First: When descending wet roots or slick rocks, use the Sam Hill technique - Get your body position low and towards the rear of the bike, lower your heels below the pedal axles and bend your wrists below the handlebar grips to help drive the rear tire into the ground. Modulate the rear brake using maximum braking where traction is available, while releasing the lever momentarily where death awaits on off-camber or diagonal faces.
Second: Descending or entering corners where a deep parallel rut dictates your path is another good reason to keep your fingers off the front brake. Skidding or not, the rear wheel will follow the rut as long as you are giving the rear lever a significant squeeze, and as such, you can use the rut to establish your line. Use the rut to your advantage and then simply release the rear brake when you need to roll out of it.
Third: The last reason to use only the rear brake for slowing is for controlling speed or changing direction when the soil is soft, deep, or unstable - like six inches of shifting gravel. In those situations, the risk is that the front tire will plow deep into the soft stuff or refuse to plane over the top of the gravel and start to wander uncontrollably.
The rest of the time, the front brake is used for slowing the bike, while the rear brake is used judiciously as both additional stopping force, and to encourage the rear wheel to 'trail,' or to follow the front wheel when the bike is bouncing around under hard braking - exactly as you would brake on your road racer. 'Trail braking,' lightly dragging the rear brake into and around turns - is commonly used in moto racing to maintain the lean angle of the bike, so there is a minimal transition between braking and acceleration at the apex of a smooth turn. This is useful for entering and exiting fast, bermed corners, but generally, trail braking is not used effectively as a tool by mountain bikers. We rarely power out of turns from the apex, because the pedals would rub, so it makes more sense to choose a lean angle that allows you to coast around most of the turn. If you over-cook your entry, drop the inside foot, increase the bike's lean angle by bending at the hips, and drift both wheels (without brakes) to scrub off speed. The key to braking and going fast is to read the terrain and to use the brakes in short, powerful intervals wherever traction and the trail surface provide low-risk opportunities to burn off speed, and then roll the turns and technical parts without much or any braking application in order to maximize control where you need it most.
Finally, there are often situations, especially when picking your way around tight corners at slower speeds, where a quick skid can help swing the rear wheel around the turn and help set the bike up for a straighter exit. Squaring off every corner with a rear-wheel skid, however, is lazy and destructive, and in most cases, it's the slower way around. Many off-road riders (moto and mountain bike) claim that using the rear brake for everything and only applying the front when absolutely necessary is the secret to speed - and some of those guys ride pretty fast - but they are wrong. Without exception, the best moto and mountain bike racers master the use of both brakes and their front brakes play the dominant role. - RC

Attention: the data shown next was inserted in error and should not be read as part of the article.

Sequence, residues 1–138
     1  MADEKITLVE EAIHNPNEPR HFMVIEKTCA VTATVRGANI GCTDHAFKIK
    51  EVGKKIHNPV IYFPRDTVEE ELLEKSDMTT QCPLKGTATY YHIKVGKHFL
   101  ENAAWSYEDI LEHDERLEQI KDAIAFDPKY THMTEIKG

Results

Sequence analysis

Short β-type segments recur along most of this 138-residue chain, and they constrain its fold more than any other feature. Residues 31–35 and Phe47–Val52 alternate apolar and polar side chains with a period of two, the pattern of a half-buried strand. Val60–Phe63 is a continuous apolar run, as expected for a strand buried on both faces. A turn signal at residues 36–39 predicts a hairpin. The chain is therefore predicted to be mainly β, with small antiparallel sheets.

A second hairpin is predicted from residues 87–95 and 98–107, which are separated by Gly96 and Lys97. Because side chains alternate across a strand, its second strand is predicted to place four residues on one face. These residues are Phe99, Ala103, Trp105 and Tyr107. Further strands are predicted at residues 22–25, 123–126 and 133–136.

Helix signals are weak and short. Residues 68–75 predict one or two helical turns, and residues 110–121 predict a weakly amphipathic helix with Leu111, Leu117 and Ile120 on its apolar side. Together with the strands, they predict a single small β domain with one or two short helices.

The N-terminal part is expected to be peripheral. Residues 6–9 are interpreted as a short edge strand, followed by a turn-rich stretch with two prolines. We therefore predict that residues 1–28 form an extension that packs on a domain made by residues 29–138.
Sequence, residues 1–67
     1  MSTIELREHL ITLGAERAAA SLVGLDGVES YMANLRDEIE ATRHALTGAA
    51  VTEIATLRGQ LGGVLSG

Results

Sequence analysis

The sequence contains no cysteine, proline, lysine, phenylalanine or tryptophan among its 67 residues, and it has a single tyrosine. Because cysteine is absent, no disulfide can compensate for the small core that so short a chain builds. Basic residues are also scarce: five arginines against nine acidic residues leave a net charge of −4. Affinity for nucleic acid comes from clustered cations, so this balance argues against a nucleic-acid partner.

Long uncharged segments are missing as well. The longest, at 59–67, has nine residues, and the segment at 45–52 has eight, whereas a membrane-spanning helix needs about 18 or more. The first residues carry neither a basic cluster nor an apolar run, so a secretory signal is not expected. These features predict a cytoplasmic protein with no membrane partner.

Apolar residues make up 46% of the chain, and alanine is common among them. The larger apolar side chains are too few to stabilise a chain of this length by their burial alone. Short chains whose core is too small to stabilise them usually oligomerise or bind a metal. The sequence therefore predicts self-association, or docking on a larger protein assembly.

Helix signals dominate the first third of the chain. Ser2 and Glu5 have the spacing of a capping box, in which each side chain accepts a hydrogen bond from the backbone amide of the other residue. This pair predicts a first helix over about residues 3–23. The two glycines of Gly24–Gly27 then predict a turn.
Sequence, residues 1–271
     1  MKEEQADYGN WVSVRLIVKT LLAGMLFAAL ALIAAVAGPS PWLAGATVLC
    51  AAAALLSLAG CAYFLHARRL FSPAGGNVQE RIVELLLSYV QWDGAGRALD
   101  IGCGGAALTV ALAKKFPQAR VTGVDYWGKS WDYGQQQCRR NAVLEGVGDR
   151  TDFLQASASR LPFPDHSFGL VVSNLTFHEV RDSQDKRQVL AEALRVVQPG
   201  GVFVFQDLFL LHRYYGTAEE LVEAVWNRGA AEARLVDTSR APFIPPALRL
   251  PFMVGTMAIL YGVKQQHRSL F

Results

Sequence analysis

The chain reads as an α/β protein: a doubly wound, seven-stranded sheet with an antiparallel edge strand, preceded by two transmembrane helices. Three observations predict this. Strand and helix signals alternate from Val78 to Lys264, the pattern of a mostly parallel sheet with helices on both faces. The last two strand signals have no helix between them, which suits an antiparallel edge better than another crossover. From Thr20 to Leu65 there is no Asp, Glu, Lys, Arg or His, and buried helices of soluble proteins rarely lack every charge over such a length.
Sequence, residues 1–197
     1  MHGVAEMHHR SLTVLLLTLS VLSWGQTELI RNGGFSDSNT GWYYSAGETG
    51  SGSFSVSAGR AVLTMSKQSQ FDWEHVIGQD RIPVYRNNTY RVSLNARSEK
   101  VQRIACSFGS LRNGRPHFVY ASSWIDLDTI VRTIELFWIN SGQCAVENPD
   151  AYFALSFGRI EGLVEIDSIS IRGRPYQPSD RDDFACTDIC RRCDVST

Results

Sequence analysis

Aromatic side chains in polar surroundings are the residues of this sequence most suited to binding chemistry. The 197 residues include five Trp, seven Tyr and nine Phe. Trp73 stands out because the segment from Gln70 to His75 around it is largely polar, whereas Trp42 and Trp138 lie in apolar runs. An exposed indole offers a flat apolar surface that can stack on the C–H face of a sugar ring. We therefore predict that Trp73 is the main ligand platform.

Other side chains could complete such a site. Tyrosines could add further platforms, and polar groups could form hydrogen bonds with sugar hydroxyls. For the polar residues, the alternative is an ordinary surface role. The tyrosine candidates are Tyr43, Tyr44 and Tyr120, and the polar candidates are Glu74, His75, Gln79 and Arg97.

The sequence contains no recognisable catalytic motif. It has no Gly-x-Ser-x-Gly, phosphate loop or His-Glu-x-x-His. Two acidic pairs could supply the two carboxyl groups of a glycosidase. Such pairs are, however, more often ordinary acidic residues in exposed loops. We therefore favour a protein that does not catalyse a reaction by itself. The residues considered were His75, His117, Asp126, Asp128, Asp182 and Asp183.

Jared Graves's finger is lifted well clear of his front brake lever as he passes the apex of a tricky corner. That illustrates how conscious top racers are of their brakes and alludes to the precision with which they use those tools.
|The Mavic Crossride is by no means a 'bad' wheelset, but it is on the more affordable, budget oriented side of the spectrum. It's also a little heavier, and the rims are narrower than other slightly pricier options out there. In this case, since the wheel is covered under warranty, have you considered asking the shop if they have a loaner wheel, or maybe a used one you could buy for cheap that would hold you over for the next few weeks while you wait? If not, purchasing another Crossride front wheel will still probably be your least expensive option.|
On the other hand, you mention that you're getting into enduro racing, in which case having a spare wheelset is a very good idea - there's nothing worse than having a weekend ruined by blowing up a rim or toasting a freehub body and not having a replacement. I'm not sure what type of budget you had envisioned for a new set of hoops, but if you can part with around $600 USD, Spank's Oozy Trail 295 wheelset would be good option, or you could go the handbuilt route, and have a local wheelmaster put together exactly what you'd like. For rims, I'd suggest either Stan's FlowEX or WTB's Frequency i25 - both options strike a good balance of weight, strength, and price. Pair those with the nicest set of hubs your budget allows and you should be set for a good long while. - Mike Kazimer